That's a great question, Ruchika, and we're still trying to figure out the answer! Because scientists discover new ant species every year, the number of species is always going up. So far scientists have given formal scientific names to about 14,000 ant species and subspecies, but we know there are many, many more ants out there that have yet to be discovered and given formal scientific names. Since the AntWeb species database is closely maintained by some of the leading ant taxonomists (scientists who name and describe species), it is one of the best places to look for how many species are currently recognized.

There are two main places you can look on AntWeb to find the latest statistics on how many species there are: on the AntWeb homepage and on the AntWeb "The World Ants" page. As of April 2010, the number of species given is 14,095.

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Although there have been over 14,000 formal scientific names given to ants, no one really knows exactly how many species of ants are alive today. New species, especially in tropical rain forests around the world, are discovered every year. Even in the United States there are new species of ants that have yet to be given formal names. As you look around AntWeb there is evidence for the existence of new species waiting to be described. Often, when you look at a regional list of ant species in the Bioregions pulldown on AntWeb, there are many entries with a genus and species name, but there are also entries with a genus name, and then some short code of letters and numbers, like Solenopsis nz01, or Adelomyrmex jtl007. The codes (usually taken from the taxonomist's initials, or an abbreviation for were the specimen was collected) sometimes mean that the curators of those regional lists think those specimens belong to a species new to science.

People often think that there are only red and black ants, but as you have found, there are many more kinds than that. That's part of what makes studying ants so exciting! Not only are there many different kinds of ants, they come in many sizes, shapes and colors. We encourage you to look around AntWeb at the amazing diversity of these fascinating insects.

- Jesse Czekanski-Moir & the AntAsk Team

Dear Eric,

Thanks for your question - this is a common one that many people might be curious about.  Ants and termites share a number of remarkable similarities in their colonial lifestyle, but there are three key physical differences to tell them apart.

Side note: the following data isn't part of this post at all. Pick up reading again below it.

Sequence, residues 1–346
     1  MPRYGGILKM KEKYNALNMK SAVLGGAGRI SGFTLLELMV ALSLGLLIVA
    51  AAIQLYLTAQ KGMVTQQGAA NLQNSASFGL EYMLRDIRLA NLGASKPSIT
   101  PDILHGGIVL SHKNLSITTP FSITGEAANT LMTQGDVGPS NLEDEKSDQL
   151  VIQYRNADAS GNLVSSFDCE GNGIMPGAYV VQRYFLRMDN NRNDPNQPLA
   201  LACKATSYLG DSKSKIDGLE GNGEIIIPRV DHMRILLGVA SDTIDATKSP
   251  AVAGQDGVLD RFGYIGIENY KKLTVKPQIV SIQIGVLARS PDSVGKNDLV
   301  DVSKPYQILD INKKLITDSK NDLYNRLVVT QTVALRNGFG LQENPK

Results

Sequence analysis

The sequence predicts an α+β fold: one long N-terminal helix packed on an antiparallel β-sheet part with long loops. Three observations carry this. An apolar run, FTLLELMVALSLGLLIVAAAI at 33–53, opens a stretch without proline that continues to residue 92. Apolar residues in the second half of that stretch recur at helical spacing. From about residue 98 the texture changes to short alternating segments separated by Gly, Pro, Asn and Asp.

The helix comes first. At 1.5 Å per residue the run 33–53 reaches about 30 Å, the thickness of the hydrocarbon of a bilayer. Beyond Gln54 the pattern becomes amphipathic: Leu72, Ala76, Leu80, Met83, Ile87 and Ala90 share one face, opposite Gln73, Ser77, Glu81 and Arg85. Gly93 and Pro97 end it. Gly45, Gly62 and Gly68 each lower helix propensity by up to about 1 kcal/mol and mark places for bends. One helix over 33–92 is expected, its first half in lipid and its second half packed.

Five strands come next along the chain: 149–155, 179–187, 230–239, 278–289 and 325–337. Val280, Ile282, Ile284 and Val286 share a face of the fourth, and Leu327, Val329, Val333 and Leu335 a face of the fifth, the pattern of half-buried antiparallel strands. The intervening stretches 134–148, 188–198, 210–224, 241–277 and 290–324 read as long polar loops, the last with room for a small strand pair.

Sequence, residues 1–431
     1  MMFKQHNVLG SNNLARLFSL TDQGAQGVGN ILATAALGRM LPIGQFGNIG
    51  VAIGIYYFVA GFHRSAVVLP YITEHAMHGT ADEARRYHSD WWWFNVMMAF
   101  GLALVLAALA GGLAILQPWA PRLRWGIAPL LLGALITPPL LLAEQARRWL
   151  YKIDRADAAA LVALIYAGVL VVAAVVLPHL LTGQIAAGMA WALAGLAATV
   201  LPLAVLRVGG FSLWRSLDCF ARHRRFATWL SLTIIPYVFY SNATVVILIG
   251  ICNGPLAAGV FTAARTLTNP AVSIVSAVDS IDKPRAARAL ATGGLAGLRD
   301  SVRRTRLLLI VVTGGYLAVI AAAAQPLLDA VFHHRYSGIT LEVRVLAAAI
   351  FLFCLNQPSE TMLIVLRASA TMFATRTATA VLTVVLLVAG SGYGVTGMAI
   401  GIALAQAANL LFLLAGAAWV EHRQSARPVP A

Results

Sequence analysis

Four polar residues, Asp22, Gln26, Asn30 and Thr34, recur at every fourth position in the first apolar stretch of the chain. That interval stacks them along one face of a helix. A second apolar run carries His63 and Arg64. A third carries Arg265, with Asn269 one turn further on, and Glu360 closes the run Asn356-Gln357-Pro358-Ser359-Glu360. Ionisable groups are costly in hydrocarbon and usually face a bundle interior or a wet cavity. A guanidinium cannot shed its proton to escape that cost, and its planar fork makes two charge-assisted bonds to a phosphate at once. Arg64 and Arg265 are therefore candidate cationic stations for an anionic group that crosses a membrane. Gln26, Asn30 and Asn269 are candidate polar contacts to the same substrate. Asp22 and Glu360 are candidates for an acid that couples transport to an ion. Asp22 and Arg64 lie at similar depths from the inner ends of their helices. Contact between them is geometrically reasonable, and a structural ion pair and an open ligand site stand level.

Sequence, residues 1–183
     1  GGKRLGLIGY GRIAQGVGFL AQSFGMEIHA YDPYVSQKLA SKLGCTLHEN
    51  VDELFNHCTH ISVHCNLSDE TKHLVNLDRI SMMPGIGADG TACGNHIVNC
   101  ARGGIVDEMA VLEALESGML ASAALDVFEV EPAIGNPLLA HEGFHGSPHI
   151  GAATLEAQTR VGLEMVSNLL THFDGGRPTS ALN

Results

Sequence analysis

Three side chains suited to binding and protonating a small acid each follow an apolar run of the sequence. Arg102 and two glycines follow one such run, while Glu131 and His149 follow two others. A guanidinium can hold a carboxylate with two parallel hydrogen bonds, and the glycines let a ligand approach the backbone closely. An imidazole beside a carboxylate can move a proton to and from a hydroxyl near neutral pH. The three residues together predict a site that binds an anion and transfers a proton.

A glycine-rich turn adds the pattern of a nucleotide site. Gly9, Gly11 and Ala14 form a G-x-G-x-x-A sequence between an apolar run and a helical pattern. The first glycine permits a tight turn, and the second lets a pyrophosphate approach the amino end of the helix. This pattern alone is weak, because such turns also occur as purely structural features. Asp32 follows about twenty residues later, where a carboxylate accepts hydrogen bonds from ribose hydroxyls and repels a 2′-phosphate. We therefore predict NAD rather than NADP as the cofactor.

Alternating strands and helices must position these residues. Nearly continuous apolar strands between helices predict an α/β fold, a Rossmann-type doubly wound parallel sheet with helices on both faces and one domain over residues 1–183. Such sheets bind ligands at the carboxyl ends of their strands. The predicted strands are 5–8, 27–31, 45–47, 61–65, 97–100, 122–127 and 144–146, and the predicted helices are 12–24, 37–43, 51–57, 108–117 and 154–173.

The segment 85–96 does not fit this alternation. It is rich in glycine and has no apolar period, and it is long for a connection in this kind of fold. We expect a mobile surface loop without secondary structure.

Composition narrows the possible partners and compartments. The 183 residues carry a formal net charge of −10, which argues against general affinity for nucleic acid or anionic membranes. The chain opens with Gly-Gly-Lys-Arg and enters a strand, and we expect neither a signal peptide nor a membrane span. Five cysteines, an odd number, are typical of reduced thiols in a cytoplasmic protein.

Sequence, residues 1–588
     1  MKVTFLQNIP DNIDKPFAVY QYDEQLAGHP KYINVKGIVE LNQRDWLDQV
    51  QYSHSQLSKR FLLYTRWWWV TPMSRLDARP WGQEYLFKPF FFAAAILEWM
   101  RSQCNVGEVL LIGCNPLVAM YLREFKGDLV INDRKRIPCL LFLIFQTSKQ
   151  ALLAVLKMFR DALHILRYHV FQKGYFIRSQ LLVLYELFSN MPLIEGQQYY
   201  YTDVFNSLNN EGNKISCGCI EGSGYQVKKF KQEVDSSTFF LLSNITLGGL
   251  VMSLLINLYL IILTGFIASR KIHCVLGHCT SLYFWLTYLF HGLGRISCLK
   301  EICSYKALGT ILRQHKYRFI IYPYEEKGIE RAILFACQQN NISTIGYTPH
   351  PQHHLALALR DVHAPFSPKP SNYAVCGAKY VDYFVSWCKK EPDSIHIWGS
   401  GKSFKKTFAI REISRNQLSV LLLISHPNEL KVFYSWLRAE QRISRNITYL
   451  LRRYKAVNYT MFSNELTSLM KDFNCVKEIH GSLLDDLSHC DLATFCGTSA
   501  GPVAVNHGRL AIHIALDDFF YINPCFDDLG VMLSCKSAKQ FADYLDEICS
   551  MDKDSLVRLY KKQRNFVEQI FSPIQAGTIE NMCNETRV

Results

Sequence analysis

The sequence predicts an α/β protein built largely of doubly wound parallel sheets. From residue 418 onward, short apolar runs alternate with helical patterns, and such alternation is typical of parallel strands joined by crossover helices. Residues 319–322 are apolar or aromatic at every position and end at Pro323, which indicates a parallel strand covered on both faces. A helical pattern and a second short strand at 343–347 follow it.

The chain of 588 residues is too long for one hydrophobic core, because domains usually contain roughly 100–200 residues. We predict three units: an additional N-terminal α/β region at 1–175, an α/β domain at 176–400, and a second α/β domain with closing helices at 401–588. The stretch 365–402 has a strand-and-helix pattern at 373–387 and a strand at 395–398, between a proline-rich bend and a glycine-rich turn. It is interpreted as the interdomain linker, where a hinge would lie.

1. Ants have elbowed antennae, where the first segment is much longer than the segments that follow. By contrast, termites have straight antennae that appear like a string of tiny beads.
  2. Ants also have a characteristically constricted "waist" while termites do not. In termites the body segments are much more broadly attached.
  3. Forewings of reproductive (queen and male) ants are larger than hindwings, while reproductive termites have two sets of wings of similar size and shape, often twice the length of their body.
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(http://www.daff.gov.au/aqis/avm/vessels/fact-sheets/termite)


Both ants and termites live in colonies or nests where one or relatively few individuals reproduce while non-reproductive individuals cooperate to care for brood, maintain the nest, and defend the colony. These features - reproductive division of labor (only the queens lay eggs), overlapping generations (you have all ages in the nest), and cooperative brood care (all individuals care for the young, not just the queens) - are hallmarks of eusociality, a condition achieved in relatively few insects. Although all ants and termites are eusocial, both groups vary broadly in colony size and social sophistication. Mature colonies of certain species may contain fewer than 100 physically similar individuals, while colony membership can swell to several million individuals in other ant and termite species and include several morphologically and behaviorally specialized castes (e.g. soldiers, several classes of workers).

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Camponotus sansabaenus - worker ants vary in size, color, and body proportion. Photo by Alex Wild (www.alexanderwild.com).